Mike Lizotte from American Meadows said, “We’ve all seen the ‘meadow in a can’ seed products at our

Wildflower mix from Aerican Meadows

Wildflower mix from American Meadows

favorite big box store. Don’t be fooled by the nice packaging.”

There is always something left out in advertising in order that the ad can make its point.

In the ‘garden in a box’ that something happens to be the work it takes to maintain a garden, and see it through to its flowering.

Also, the product may be inferior. There may be fewer seeds than promised.

Garden advertising is really like any advertising. The buyer has to be aware of the kind of promises made by the seller.

Adrian Higgins, garden writer for the Washington Post, recently wrote an article entitled “Growing wild – by design.”

He said, “A few years ago, there was the notion that meadows were so eager to sprout that

American Meadows

American Meadows

you could buy a can full of wildflower seed, sprinkle the contents on a piece of cleared land and you would have a floriferous meadow in perpetuity. But there is no meadow genie in the can.”

Though we need to proceed cautiously with ads, advertising for the garden at the same time it tries to sell something also informs the consumer about new products.

Nineteenth century New York seedsman James Vick (1818-1882) recognized that part of advertising.

Vick wrote in 1880 in his magazine Vick’s Illustrated Monthly “Those desiring reliable information upon horticultural subjects will find much that is valuable in these [advertising] pages.”

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Victorian Seedsman Encouraged Advertising

Victorian seedsman encouraged advertising.

New York seedsman Peter Henderson (1822-1890) wrote several popular garden books in the late nineteenth century.

He also believed in the power of advertising for his company.

In 1884 Philadelphia nurseryman Thomas Meehan included in his magazine Gardener’s Monthly a speech that Henderson had given that year at the Chicago Convention of Nurserymen.  He quotes Henderson as saying, “Advertising is rapidly becoming a fine art, and the more it advances as a fine art, the more advertising will be done and the more profit will result from it.”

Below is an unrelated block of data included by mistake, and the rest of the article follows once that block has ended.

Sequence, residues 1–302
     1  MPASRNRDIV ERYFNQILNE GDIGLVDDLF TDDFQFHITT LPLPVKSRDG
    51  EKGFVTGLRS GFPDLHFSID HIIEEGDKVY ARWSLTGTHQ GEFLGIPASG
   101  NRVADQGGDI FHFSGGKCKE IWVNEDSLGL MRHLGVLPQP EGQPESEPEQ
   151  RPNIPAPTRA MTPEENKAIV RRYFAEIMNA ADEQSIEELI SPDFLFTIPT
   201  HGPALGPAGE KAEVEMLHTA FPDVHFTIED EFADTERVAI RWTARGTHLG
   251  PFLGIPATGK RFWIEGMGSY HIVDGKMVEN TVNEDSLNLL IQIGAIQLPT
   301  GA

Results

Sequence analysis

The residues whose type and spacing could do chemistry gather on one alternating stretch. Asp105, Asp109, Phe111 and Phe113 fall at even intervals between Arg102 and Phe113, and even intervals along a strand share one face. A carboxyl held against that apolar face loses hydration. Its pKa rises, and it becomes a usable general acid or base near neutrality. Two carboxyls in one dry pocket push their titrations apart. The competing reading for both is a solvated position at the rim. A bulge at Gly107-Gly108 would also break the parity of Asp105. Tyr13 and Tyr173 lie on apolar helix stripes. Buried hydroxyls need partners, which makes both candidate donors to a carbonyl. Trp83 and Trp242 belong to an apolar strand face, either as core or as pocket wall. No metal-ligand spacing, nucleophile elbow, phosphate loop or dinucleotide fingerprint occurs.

As a business, the seed industry had its share of competition.  The amount of advertising sometimes distinguished one company from another.

Henderson catalog 1885

For example, this chromolithograph cover [above] from Henderson’s seed catalog of 1885 promoted the company as modern and progressive, but still classic. The company promised to fill every need a gardener may have.

Meehan wrote the following in another issue of his magazine from that same year, “Perhaps in no other country is the press so liberally patronized by seedsmen, florists, and nurserymen as in the United States. In their advertising seasons, which cover most of the months of the year, we can rarely pick up a periodical that does not contain some of their advertisements.”

Henderson was not alone among his Brothers of the Spade, fellow garden merchants.  He believed in advertising for any modern business to succeed, including the garden industry.

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Nineteenth Century Ads Included Factory Images

Nineteenth Century Ads Included Factory Images

Recently I traveled to the Boston Athenaeum to see a new Exhibit they had promoted.

The exhibit, called Collecting for the Boston Athenaeum in the 21st Century, included prints and photographs.

Without doubt this was one of my favorite exhibits because it included chromolithographs of factories from the nineteenth century. Then it was a common practice, especially after 1850, for companies to promote their business with an illustration of their factory or headquarters.  These illustrations would appear in trolleys, stores, and on buildings.

My favorite was the 1891 chromo of the Boston Belting Co. [below]

Boston Rubber Company 1890 [Boston Aethaneum]

Boston Rubber Company 1890 [Boston Athenaeum]

The nineteenth century seed companies and nurseries scattered across the country followed suit.

They wanted customers to know they were dealing with a substantial company and so a chromo of their warehouse and seed company, even their box company, was not uncommon.

Here is a chomolithograph of the D. M. Ferry Seed Co in Detroit from 1897. [below] Notice the size of the buildings.

Ferry Buildings 1887 small

D. M. Ferry and Son Company, 1897 [Courtesy Cornell University]

At the same time the chromo of the company’s factory and  warehouse formed a bit of advertising.

The customer thought, of course, that such a big company must have a worthwhile product to sell.

Why would he or she not order seeds from such an establishment as Ferry?  After all, the company could afford this factory and warehouse.

A new exhibition called Art on Tap at the Museum of Wisconsin Art in West Bend, Wisconsin includes this poster made from an early chromolithograph by the Miller Brewing Company. [Below]

Even the nineteenth century beer giants advertised with images of their factories.